There will be no stars—the poem has had enough of them. I think we can agree
we no longer believe there is anyone in any poem who is just now realizing
they are dead, so let’s stop talking about it. The skies of this poem
are teeming with winged things, and not a single innominate bird.
You’re welcome. Here, no monarchs, no moths, no cicadas doing whatever
they do in the trees. If this poem is in summer, punctuating the blue—forgive me,
I forgot, there is no blue in this poem—you’ll find the occasional
pelecinid wasp, proposals vaporized and exorbitant, angels looking
as they should. If winter, unsentimental sleet. This poem does not take place
at dawn or dusk or noon or the witching hour or the crescendoing moment
of our own remarkable birth, it is 2:53 in this poem, a Tuesday, and everyone in it is still
at work. This poem has no children; it is trying
to be taken seriously. This poem has no shards, no kittens, no myths or fairy tales,
no pomegranates or rainbows, no ex-boyfriends or manifest lovers, no mothers—God,
no mothers—no God, about which the poem must admit
it’s relieved, there is no heart in this poem, no bodily secretions, no body
referred to as the body, no one
dies or is dead in this poem, everyone in this poem is alive and pretty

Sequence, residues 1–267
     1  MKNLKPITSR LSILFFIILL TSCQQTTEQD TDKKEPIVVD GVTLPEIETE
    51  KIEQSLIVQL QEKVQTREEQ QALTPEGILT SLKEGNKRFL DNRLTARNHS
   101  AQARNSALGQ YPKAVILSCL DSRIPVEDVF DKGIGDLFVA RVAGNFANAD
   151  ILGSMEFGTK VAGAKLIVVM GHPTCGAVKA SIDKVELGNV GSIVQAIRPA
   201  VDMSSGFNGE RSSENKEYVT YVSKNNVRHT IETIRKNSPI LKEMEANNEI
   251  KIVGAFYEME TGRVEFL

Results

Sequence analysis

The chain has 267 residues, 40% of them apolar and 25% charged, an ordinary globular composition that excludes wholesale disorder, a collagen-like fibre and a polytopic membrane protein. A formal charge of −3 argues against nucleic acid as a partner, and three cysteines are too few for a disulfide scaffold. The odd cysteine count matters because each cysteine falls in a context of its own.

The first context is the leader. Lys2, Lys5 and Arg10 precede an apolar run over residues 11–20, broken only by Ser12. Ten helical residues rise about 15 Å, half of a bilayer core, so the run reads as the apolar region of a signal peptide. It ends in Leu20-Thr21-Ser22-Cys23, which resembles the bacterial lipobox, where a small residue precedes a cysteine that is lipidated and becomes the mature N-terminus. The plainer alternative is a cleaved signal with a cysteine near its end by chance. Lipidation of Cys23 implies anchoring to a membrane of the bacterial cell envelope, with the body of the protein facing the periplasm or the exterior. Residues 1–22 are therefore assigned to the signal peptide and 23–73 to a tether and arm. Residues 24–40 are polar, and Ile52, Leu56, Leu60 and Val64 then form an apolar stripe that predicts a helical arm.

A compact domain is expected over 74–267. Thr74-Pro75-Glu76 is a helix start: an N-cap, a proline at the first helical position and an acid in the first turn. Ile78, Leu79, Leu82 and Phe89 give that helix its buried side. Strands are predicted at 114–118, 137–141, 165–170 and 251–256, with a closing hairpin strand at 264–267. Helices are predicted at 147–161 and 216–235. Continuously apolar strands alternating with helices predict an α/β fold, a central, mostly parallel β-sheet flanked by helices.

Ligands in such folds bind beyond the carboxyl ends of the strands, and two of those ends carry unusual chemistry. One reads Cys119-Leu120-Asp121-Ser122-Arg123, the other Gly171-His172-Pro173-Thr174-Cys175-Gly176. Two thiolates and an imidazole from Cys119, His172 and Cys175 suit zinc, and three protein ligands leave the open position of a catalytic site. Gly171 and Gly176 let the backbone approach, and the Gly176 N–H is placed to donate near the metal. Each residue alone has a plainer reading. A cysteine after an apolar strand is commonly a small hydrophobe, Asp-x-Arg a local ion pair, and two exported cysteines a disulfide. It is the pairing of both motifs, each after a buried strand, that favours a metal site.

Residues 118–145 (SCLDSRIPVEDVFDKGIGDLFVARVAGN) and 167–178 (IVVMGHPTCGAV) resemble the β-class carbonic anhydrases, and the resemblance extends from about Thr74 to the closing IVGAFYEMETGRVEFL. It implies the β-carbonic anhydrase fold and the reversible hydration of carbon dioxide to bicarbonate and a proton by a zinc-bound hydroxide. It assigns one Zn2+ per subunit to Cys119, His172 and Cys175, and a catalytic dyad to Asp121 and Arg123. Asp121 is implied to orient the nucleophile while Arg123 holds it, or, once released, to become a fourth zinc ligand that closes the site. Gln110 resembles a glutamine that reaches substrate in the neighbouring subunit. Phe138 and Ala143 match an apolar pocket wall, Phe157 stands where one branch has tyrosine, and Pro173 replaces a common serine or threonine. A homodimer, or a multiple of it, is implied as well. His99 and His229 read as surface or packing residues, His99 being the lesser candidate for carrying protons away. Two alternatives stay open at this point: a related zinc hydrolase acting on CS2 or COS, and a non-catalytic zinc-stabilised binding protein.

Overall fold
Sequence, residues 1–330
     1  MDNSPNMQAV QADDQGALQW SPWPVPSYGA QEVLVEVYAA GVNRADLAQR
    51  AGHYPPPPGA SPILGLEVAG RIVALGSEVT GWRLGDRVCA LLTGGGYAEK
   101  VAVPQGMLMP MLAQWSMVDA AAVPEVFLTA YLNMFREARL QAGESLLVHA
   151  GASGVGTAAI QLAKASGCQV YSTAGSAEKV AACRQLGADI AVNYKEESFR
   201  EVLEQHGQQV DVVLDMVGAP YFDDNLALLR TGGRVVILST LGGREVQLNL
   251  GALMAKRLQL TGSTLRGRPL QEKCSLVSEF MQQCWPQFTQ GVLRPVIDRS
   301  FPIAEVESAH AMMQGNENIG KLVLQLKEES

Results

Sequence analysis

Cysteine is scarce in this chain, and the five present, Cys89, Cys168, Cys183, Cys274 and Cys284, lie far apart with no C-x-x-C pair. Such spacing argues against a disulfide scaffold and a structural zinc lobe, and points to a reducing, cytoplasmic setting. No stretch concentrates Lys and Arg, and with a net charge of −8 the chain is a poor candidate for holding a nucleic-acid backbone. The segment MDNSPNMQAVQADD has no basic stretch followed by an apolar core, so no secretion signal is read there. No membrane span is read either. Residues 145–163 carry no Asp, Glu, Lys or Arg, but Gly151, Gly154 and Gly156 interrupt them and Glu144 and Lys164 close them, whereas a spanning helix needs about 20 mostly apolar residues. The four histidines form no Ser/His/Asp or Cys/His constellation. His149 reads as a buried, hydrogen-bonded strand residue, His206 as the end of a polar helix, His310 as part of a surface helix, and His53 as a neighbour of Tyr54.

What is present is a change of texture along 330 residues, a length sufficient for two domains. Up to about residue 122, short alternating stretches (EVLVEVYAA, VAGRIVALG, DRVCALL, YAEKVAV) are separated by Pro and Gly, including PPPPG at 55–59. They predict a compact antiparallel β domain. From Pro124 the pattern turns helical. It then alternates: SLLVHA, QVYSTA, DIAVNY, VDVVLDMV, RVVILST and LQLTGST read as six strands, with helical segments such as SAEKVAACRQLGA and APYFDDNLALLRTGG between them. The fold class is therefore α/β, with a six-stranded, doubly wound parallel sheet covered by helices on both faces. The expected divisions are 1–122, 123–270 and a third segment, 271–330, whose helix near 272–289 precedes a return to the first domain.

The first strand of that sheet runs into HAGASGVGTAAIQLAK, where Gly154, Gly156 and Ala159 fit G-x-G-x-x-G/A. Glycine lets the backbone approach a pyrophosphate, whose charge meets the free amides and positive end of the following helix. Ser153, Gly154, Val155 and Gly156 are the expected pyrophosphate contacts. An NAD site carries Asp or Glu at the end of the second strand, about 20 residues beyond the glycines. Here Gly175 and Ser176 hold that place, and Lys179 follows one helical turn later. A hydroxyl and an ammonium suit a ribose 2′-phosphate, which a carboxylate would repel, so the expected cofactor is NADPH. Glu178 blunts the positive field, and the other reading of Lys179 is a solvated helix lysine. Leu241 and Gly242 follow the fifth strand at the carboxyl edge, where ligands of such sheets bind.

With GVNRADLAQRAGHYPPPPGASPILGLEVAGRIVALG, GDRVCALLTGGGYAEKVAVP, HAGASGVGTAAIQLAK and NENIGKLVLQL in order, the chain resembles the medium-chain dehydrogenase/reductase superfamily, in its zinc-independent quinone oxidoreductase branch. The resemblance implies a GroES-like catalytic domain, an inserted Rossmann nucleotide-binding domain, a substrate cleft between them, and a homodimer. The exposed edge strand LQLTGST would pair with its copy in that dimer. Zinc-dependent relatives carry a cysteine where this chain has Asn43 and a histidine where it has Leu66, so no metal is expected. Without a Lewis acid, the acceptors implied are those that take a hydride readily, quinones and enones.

okay with it. This poem will not use the word beautiful for it resists
calling a thing what it is. So what
if I’d like to tell you how I walked last night, glad, truly glad, for the first time
in a year, to be breathing, in the cold dark, to see them. The stars, I mean. Oh hell, before
something stops me—I nearly wept on the sidewalk at the sight of them all.
Copyright © 2019 by Leila Chatti. Originally published in Poem-a-Day on May 29, 2019, by the Academy of American Poets.
About this Poem
“I spent much of the last year unable to write. When I tried to listen to my interior, what I heard was a cacophony of accumulated voices telling me what a poem should be, what a poem should do—and, more disturbingly, what it shouldn’t. I began this poem as a genuine attempt to follow the rules I had internalized, but as I wrote the poem, I was interrupted by a strong urge to instead write about something that broke them—I wanted to write about the walk I took the night prior, in Madison, Wisconsin, and the brief, vital moment of joy that indicated my year-long depression might finally lift. I knew this risked sentimentality, earnestness, and vulnerability, things I had been told to guard against, but I was tired of the rules—I wanted to write the real thing, even if it wasn’t the ‘right’ thing. So I did.”
Leila Chatti is the author of Deluge, forthcoming from Copper Canyon Press in 2020, Tunsiya/Amrikiya (Bull City Press, 2018), and Ebb (Akashic Books, 2018).
Date Published: 2019-05-29
Source URL: https://poets.org/poem/rules